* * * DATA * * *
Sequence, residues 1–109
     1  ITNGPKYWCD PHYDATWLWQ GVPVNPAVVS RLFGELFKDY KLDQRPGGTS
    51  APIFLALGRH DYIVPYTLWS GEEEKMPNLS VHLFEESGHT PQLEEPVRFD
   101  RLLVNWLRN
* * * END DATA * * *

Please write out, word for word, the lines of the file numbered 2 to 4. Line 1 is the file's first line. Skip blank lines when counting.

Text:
     1  ITNGPKYWCD PHYDATWLWQ GVPVNPAVVS RLFGELFKDY KLDQRPGGTS
    51  APIFLALGRH DYIVPYTLWS GEEEKMPNLS VHLFEESGHT PQLEEPVRFD
   101  RLLVNWLRN